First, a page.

Eleven vulnerabilities, combined under the name Urgent / 11, were made public in August 2019. Five bugs with the general name CDPwn showed up earlier this year and got patches at that time. However, 97% of devices affected by Urgent / 11 and 80% of devices vulnerable to CDPwn attacks are still not patched.
Critical Urgent / 11 vulnerabilities (PDF) have been identified in Wind River’s VxWorks operating system and a number of other RTOSs (real time operating systems). All dangerous problems, including six RCEs, are tied to the TCP / IP protocol stack and are present in all versions of VxWorks released over the past 13 years.
Most Urgent / 11 bugs allow you to take control of the target device without authentication or user interaction. According to Armis, at the time of the disclosure of vulnerabilities, they affected more than 2 billion devices used to control medical equipment, objects of corporate importance, technological processes in industry.
More than 30 vendors have publicly acknowledged Urgent / 11, including Rockwell Automation, Schneider Electric and Siemens. Many of them have issued warnings and patches for their products. As far as we know, attackers did not even try to exploit these vulnerabilities in attacks.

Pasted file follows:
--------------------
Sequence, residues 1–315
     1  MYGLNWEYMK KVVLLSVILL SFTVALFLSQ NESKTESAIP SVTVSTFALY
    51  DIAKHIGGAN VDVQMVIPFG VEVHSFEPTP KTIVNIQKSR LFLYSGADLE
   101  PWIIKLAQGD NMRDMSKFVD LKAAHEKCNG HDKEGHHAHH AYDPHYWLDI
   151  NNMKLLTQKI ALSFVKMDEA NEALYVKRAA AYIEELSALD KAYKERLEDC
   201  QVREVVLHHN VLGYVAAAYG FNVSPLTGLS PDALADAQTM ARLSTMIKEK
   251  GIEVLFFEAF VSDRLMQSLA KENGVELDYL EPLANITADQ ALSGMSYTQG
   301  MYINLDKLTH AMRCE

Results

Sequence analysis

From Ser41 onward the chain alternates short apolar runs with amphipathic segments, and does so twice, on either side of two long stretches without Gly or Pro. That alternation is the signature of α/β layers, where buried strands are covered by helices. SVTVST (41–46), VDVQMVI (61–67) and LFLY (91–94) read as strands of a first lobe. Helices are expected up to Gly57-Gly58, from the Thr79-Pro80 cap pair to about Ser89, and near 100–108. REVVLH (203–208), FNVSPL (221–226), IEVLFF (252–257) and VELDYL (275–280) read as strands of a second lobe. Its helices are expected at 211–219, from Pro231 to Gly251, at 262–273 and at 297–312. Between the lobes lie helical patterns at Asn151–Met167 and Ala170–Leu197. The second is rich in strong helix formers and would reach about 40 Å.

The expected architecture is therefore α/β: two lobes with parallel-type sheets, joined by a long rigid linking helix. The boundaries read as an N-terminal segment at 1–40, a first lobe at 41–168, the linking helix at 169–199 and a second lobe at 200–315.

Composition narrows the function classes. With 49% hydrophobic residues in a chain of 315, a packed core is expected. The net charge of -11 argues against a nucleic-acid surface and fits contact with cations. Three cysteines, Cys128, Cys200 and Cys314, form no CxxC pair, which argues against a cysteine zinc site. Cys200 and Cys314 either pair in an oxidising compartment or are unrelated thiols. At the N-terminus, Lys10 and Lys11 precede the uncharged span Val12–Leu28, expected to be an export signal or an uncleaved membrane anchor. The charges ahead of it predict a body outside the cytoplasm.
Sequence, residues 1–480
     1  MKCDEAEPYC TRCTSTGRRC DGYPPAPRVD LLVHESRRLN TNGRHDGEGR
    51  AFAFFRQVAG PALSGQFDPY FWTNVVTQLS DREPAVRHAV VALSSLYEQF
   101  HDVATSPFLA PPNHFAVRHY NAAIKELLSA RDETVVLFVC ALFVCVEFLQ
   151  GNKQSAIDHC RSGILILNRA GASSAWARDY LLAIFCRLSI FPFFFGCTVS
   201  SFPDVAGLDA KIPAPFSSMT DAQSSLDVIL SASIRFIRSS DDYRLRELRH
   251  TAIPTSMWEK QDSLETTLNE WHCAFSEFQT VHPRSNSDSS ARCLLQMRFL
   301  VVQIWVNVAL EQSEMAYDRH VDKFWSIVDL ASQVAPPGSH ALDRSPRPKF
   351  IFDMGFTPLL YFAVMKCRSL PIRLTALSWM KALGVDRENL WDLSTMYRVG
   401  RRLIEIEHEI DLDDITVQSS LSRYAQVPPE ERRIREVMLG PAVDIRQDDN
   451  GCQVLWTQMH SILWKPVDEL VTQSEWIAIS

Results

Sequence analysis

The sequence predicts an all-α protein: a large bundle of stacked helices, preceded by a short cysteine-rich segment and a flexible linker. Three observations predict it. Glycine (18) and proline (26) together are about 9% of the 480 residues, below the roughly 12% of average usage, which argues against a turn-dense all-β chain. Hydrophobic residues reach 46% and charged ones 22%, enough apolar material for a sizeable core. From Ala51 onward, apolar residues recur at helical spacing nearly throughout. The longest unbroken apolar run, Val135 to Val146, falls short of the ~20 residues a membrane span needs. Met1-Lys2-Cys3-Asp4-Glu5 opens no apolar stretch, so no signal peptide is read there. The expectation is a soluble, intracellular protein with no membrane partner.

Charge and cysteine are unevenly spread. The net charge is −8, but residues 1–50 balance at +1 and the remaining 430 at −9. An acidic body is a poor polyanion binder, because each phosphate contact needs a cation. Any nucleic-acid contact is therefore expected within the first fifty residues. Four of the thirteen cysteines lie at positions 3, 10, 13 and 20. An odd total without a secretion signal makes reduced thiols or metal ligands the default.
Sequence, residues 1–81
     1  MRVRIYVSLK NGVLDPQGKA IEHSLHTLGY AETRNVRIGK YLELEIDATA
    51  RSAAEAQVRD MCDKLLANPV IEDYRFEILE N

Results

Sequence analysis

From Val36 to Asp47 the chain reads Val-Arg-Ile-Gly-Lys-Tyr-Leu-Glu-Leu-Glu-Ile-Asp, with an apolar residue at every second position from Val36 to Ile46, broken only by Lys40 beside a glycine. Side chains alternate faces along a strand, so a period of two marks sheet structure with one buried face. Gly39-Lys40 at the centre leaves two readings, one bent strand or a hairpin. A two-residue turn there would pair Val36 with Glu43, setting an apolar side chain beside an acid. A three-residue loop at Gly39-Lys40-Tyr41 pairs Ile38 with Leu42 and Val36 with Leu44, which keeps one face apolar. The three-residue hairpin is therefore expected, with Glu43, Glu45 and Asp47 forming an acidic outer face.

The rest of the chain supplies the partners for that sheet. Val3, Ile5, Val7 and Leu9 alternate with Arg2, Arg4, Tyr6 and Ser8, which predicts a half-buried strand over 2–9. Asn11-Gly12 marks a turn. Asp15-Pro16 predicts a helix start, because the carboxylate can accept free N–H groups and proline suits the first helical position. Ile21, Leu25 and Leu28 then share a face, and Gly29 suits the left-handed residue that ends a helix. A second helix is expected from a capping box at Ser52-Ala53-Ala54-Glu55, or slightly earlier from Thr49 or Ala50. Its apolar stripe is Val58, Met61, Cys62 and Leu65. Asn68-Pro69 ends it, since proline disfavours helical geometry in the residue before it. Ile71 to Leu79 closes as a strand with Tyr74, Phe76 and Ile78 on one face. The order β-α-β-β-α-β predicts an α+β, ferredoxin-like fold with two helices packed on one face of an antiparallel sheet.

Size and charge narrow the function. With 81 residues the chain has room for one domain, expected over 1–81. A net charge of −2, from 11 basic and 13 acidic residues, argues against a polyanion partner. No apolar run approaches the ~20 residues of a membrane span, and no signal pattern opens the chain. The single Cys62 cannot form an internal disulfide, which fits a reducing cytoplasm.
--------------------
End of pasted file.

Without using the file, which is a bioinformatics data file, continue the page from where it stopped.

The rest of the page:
The emergence of CDPwn (PDF) is guilty of a proprietary network device discovery protocol – CDP ( Cisco Discovery Protocol, Cisco Network Device Discovery Protocol). Problems with this protocol are estimated to affect tens of millions of Cisco products, including routers, switches, IP cameras, and VoIP devices with firmware versions released over the past 10 years. One of the CDPwn vulnerabilities was recently spotted in targeted attacks by Chinese hackers.
Analysts from the information security company Armis have the ability to track the vulnerability of equipment according to the firmware version. The Armis cloud platform currently monitors 280 million devices used in mission-critical industries.
To determine the level of patching for Urgent / 11, the researchers compiled a control sample of PLCs from Rockwell Automation and Schneider Electric. They monitored the presence of CDPwn by the status of Cisco Nexus switches and VoIP devices of the 78xx and 88xx series. The test results in both cases turned out to be deplorable.